The process of kita

Today is Friday and for the first time in Corona the days are decidedly marked and I am so excited its Friday.  For the first time in a long time I am in the work rhythm of the “normal” work week.

Why? You ask! For this week and next I am working with one of my kiddos full time from 8:45am to 4pm each day as he assimilates to Kita.

You don’t know about German kita?

Here in Germany when you have a baby you get much more time and care than in the US. Imagine that!  Elternseit or parent time can be up to a year with your kiddo and divided among the parents of the kiddo.  During elternseit you still get paid up to 80 percent of your normal paycheck.  Also when you have a kiddo you have access to care around your mental health, coaches for new parents and money for kita (kind of like daycare but even more) when your kiddo turns a year old…Elternseit actually overlaps about a month so a little more than a year of this time so you can do the next thing. Once you get a spot in kita the system is set up so that you take a month for the kiddo to assimilate into the system.  In the first week you start small…small amounts of time and kita and small amounts of time in separation time.  If anything new is introduced, the parent (or guardian) sits nearby to reassure and then the next time there is more time of separation.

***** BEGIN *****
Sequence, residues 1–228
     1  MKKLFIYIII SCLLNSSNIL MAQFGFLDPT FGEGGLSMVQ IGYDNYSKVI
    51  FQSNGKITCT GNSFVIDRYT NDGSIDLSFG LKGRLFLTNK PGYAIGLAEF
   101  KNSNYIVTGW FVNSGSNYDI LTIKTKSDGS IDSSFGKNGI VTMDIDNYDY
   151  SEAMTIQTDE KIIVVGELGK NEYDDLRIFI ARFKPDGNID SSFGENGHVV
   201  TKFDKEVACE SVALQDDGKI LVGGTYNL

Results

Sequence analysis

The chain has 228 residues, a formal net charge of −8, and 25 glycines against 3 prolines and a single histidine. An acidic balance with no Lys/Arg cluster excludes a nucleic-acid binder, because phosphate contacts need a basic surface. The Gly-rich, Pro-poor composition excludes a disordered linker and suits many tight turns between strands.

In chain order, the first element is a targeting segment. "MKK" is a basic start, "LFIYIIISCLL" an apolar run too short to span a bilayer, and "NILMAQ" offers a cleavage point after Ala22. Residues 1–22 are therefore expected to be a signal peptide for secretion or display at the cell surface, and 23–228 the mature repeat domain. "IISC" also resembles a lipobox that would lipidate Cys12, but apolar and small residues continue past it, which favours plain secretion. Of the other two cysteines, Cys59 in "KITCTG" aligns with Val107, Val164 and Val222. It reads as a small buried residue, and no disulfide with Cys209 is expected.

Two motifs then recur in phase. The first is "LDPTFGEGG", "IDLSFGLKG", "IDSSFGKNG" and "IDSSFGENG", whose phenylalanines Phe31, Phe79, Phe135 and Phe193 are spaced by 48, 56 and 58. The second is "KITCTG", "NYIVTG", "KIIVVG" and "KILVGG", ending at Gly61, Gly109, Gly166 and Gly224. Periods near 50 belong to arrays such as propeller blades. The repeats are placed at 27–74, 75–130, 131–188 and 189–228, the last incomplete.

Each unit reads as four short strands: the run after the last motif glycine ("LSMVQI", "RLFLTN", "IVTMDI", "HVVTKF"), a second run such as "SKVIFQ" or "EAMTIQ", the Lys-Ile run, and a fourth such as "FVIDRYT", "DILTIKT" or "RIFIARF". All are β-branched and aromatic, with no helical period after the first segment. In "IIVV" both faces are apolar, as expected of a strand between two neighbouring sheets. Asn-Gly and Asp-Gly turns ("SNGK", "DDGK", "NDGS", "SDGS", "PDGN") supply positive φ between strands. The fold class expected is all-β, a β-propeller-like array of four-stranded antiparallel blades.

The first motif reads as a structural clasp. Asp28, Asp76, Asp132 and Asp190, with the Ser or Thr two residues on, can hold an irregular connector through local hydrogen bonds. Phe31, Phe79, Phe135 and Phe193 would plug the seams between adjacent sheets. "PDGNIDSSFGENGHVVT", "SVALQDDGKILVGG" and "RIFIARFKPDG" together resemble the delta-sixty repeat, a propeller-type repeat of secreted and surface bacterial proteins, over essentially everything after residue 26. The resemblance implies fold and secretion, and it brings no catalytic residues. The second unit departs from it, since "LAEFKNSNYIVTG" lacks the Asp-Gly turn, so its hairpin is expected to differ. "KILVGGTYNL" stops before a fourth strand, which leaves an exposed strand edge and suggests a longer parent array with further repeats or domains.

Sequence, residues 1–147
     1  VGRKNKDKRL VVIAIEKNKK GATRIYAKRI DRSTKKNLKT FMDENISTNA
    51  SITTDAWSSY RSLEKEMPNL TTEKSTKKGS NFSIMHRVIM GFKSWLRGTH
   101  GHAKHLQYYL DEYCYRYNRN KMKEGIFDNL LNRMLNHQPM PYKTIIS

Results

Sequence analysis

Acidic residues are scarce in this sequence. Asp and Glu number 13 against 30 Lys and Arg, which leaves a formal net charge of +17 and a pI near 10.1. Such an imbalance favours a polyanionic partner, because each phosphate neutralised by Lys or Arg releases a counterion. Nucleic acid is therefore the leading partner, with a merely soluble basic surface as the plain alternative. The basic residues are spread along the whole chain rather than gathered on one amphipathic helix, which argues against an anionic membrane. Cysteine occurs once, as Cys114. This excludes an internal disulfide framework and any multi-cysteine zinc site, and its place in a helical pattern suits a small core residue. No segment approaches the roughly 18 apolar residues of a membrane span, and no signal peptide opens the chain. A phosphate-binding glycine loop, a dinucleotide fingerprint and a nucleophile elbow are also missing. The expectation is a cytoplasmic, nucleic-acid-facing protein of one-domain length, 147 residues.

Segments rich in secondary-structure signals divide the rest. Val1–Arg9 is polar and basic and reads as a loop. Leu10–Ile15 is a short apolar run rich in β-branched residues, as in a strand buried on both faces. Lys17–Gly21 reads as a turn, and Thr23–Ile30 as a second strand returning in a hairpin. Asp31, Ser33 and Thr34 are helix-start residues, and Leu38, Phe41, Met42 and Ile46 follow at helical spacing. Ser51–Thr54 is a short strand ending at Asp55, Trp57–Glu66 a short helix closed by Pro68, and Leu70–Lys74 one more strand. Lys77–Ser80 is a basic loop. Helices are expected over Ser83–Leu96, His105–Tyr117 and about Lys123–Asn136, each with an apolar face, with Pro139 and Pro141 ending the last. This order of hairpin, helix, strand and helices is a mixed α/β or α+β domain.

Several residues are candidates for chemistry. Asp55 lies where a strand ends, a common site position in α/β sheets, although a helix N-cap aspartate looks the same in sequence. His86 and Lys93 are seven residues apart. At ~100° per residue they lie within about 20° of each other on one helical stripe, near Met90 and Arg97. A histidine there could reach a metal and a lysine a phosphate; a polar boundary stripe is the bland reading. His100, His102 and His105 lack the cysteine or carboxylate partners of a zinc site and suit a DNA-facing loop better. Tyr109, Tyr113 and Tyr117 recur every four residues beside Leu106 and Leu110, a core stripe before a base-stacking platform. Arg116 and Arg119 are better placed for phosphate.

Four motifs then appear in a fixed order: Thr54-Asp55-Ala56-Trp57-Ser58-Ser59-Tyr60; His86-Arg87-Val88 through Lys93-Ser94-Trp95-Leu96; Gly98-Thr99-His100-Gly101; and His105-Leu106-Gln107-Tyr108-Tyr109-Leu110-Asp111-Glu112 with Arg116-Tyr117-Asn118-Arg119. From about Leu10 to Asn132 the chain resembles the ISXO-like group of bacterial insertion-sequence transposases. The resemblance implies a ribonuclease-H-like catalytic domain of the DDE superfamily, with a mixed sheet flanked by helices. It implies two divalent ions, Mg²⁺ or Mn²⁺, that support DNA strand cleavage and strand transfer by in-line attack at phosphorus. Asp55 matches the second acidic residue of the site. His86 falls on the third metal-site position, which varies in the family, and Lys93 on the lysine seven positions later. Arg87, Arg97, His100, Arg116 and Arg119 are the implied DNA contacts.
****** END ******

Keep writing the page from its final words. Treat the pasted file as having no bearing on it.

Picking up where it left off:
The family I work with the most had a series of events that led to mom taking time off for the first two weeks of this process (called eingewohnung) but needed me to step in for the last two weeks.

This is a big deal. Why? You ask?

  1.  This is a pretty intense process with ups and downs. You really have to trust someone to do this process with your kid.
  2. There has to be a pretty great bond between the one taking kiddo and the kiddo.
  3. The teacher in this case hardly knows any English.  My German is being put to the test!

So for the past five days I have shown up at 8:45amish and taken over in the kita department, talking about his routines, hearing reports, dealing with timelines and processes and separation and bringing him home and then taking care of little guy until either mom comes home or the next caretaker arrives at 4pm. William just turned one two weeks ago so this is new for all of us.

Here is why I am a) really glad its Friday and b) proud of this week:

  1. As I mentioned, my German is really being put to the test!  This is way more usage than I have had to use so far outside of intensive class when I took it. Today, for the first time I felt as though I was actually just…communicating. Back and forth in full sentences to where we all understood each other…using tenses (plural!) and reporting in full. Sure, I threw in an english word here or there when I got stuck but this is far from feeling like an idiot like on Monday…or Tuesday…or even Wednesday. Ana reminds me that I didn’t know ANY German before I came two years ago…so, cheers!
  2. Bonding with the kiddo is great, and exhausting, and full, and all over the place especially when it is hot outside.
  3. Kita usually means a new exposure to the world which usually means perma running nose. I woke up with a scratchy throat and runny nose. Great.  Bring in the zinc and tumeric powder. I REALLY don’t want these symptoms when I go on a looonnng hike in 10 days.

A new process, new experiences, and new lengths.  Wow! Who knew I would be HERE?


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